People v. Bullard

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[Crim. No. 29628. Court of Appeals of California, Second Appellate District, Division Five. December 9, 1977.]

THE PEOPLE, Plaintiff and Respondent, v. MYRON ALLISON BULLARD, JR., Defendant and Appellant

(Opinion by Stephens, J., with Kaus, P. J., and Ashby, J., concurring.)


Paul M. Davis for Defendant and Appellant.

Evelle J. Younger, Attorney General, Jack R. Winkler, Chief Assistant Attorney General, S. Clark Moore, Assistant Attorney General, Norman H. Sokolow and Andrew D. Amerson, Deputy Attorneys General, for Plaintiff and Respondent.



This appeal is taken from a judgment based upon a jury verdict convicting appellant of inflicting upon a child unjustifiable physical pain and mental suffering under circumstances likely to produce great bodily harm or death, in violation of Penal Code section 273a, subdivision (1), and assault by means of force likely to produce great bodily injury in violation of Penal Code section 245, subdivision (a), the latter conviction being dismissed since it was based upon the same circumstances. [75 Cal. App. 3d 767]

Appellant raises three issues in this appeal: whether the trial court erred in admitting the hearsay declarations of Becky Bullard as declarations against interest; whether the trial court erred in permitting the prosecution to ask leading questions of Becky Bullard; and whether there was sufficient evidence to sustain the conviction.

Excluding the evidence in controversy, the record shows that on March 19, 1976, Becky Gutierrez, who subsequently became Becky Bullard, resided in the rear portion of a duplex apartment with her two children, Cindy, four years old, and Carrie, two and one-half years old, and with appellant. Mrs. Jeannie Martel resided in the front portion of the same duplex.

Mrs. Martel testified that she had seen Carrie at about 4 p.m. on March 19 and that Carrie had appeared to be a healthy child. Mrs. Powers, Carrie's grandmother, stated, however, that when she saw Carrie about 3 p.m. on the same day, she had noticed a fading bruise on Carrie's face, in the shape of a large handprint. Later that evening, at about 7 p.m., Mrs. Martel saw Becky Bullard sitting in a bedroom with her daughter Cindy. At about the same time Mrs. Martel heard repeated thumping sounds, as if something were hitting a wall, followed each time by Carrie crying. As far as Mrs. Martel knew, the appellant was the only other person in the apartment.

Mrs. Martel was not allowed to see Carrie until Sunday, March 21, at which time the child was in bed. She described Carrie's head as swollen to approximately two to three times its normal size "from the forehead up," and her eyes as black and blue and swollen shut. Mrs. Martel, a former nurse, offered to take Carrie to the hospital but was not allowed to.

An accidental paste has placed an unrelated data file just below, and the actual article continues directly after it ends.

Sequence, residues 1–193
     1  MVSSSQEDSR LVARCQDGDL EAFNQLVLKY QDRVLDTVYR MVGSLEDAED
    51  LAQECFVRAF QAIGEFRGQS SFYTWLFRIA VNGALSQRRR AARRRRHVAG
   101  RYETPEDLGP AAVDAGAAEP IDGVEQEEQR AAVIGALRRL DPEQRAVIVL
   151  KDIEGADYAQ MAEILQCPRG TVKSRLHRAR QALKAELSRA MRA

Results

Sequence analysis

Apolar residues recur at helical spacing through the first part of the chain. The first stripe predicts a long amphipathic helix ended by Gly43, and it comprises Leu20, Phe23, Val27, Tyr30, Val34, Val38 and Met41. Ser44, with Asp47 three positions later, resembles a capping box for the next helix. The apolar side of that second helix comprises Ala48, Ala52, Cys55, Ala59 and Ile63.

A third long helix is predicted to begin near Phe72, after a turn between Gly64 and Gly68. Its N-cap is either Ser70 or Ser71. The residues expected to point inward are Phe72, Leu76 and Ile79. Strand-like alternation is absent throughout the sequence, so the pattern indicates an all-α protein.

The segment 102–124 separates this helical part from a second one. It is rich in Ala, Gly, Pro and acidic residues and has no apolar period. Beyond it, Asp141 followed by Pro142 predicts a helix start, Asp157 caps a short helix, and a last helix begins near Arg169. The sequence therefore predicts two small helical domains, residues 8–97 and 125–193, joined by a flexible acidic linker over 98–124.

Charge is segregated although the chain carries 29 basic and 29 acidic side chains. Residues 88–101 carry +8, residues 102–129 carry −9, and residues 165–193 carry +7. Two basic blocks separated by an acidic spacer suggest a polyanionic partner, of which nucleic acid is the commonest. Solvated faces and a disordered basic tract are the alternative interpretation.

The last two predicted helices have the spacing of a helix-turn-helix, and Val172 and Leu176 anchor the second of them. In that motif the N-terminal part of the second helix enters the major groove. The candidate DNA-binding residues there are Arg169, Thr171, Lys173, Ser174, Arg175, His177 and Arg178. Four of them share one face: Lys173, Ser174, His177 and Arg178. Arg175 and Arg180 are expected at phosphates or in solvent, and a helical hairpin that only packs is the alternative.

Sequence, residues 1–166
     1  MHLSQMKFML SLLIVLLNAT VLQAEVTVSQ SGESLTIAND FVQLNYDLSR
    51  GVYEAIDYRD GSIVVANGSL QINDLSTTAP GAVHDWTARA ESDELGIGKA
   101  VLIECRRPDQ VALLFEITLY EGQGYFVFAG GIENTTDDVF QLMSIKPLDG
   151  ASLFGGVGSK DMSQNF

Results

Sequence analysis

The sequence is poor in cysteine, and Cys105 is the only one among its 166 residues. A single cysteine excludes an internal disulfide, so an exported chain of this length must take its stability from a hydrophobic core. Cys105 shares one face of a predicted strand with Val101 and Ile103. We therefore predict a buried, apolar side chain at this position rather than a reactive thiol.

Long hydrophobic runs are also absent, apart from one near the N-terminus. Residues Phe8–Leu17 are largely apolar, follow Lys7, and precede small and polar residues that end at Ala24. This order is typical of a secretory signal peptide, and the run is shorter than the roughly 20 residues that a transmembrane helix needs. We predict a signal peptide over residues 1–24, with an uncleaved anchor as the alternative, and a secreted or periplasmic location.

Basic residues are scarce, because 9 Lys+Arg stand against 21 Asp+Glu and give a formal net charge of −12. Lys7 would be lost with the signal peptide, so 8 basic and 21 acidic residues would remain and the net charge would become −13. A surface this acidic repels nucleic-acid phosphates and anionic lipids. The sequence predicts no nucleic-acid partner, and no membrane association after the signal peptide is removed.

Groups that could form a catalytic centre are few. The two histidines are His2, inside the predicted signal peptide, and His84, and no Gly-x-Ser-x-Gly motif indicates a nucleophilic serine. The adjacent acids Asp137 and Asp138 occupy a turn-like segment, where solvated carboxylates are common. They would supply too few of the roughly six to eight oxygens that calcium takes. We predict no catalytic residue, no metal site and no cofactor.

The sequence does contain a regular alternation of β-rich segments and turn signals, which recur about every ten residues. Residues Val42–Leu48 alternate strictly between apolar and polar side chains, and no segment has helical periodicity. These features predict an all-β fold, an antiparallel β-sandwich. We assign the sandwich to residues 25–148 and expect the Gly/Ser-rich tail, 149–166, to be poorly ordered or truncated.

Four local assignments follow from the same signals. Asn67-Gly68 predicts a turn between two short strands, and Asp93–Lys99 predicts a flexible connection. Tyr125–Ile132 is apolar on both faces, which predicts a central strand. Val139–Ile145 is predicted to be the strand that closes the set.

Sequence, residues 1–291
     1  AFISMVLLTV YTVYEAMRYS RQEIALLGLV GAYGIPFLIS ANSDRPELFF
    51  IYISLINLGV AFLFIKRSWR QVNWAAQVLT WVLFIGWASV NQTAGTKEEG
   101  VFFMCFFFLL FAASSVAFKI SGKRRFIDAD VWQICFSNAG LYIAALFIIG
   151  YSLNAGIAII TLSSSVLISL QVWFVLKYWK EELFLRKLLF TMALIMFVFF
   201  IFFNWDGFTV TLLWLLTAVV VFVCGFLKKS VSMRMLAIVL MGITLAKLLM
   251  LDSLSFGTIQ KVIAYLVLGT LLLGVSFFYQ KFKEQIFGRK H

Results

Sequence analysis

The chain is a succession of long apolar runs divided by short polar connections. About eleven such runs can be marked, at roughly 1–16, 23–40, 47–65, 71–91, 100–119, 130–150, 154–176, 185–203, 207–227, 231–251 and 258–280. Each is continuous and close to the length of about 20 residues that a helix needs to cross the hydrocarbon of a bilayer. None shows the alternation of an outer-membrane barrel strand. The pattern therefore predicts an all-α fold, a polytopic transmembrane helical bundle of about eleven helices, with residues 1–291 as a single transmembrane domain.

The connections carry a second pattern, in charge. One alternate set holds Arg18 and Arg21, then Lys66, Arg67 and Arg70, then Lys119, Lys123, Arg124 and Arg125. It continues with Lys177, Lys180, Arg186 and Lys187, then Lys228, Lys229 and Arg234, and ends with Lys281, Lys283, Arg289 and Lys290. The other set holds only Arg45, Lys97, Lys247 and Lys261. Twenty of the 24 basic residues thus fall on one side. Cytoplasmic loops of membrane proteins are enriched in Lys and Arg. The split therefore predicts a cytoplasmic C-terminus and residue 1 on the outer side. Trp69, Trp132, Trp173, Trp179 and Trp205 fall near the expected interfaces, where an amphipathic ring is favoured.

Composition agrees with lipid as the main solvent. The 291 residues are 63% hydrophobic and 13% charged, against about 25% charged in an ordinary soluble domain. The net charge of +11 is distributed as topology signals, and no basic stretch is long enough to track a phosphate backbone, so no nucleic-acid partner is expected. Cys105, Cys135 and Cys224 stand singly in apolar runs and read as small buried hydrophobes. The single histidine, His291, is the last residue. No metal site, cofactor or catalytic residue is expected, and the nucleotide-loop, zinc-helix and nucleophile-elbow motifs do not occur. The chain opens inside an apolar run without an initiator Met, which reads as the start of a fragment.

The next day Carrie's eyes were just beginning to open when Mrs. Martel saw her. At that time Mrs. Martel noticed a small patch of hair, about the size of a quarter, missing from the right side of Carrie's head. The bruises, blackened eyes and missing hair were confirmed by Mr. Floyd Powers, Carrie's grandfather, who saw Carrie on March 25 and at that time offered to take her to the hospital.

At the beginning of April Carrie fell down some stairs, causing a lacerated chin which required stitches. Dr. Michael Siaw treated Carrie when appellant and Becky Bullard took her to Whittier Hospital. Neither Dr. Siaw nor the doctor who removed the stitches three days later made [75 Cal. App. 3d 768] any notation in the hospital emergency records regarding potential child abuse. However, Dr. Siaw testified that he did not remember the child nor the incident and that a physician will frequently make a diagnosis based upon what he or she is told by the person bringing the child in to be treated.

Dr. Arthur examined Carrie on April 6, 1976, at McLaren Hall. He concluded that the black and blue marks above and below each eye, on the right cheek, on the neck, on the back of the head, and on the left arm of Carrie were approximately two weeks old and had probably been inflicted by some individual. Only the laceration on the chin, in his opinion, could have been caused by either falling down three stairs or by falling out of bed, as the appellant might have us believe.

Additional evidence that the child may have been abused or that appellant had abused her was Mrs. Martel's testimony that she had on occasion heard Carrie scream because the appellant was on his way home from work. In contrast to this is Mrs. Martel's testimony that despite what she had heard and seen she would leave her own children for Becky Bullard to watch, albeit on the specific condition that they would not be touched.

Becky Bullard was called as a witness for the prosecution, but, except for the most preliminary questions, she refused to answer the questions put to her, upon the advice of counsel, on the grounds that the answers might tend to incriminate her. The trial court sustained most of her claims of privilege since she was being charged separately under Penal Code section 273a, subdivision (2). All of the questions asked and her refusal to answer occurred in front of the jury.